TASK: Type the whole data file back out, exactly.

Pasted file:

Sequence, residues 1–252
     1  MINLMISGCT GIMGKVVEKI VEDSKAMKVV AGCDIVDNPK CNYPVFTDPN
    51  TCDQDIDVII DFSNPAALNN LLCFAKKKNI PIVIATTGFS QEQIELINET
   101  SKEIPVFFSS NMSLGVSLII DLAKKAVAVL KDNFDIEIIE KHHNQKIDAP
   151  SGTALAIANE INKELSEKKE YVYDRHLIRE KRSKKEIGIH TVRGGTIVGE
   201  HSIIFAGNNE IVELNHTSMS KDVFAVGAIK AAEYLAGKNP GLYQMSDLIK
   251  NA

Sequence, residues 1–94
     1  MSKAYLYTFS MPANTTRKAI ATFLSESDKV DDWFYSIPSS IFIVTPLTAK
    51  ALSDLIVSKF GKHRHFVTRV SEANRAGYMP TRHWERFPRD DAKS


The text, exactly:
Sequence, residues 1–252
     1  MINLMISGCT GIMGKVVEKI VEDSKAMKVV AGCDIVDNPK CNYPVFTDPN
    51  TCDQDIDVII DFSNPAALNN LLCFAKKKNI PIVIATTGFS QEQIELINET
   101  SKEIPVFFSS NMSLGVSLII DLAKKAVAVL KDNFDIEIIE KHHNQKIDAP
   151  SGTALAIANE INKELSEKKE YVYDRHLIRE KRSKKEIGIH TVRGGTIVGE
   201  HSIIFAGNNE IVELNHTSMS KDVFAVGAIK AAEYLAGKNP GLYQMSDLIK
   251  NA

Sequence, residues 1–94
     1  MSKAYLYTFS MPANTTRKAI ATFLSESDKV DDWFYSIPSS IFIVTPLTAK
    51  ALSDLIVSKF GKHRHFVTRV SEANRAGYMP TRHWERFPRD DAKS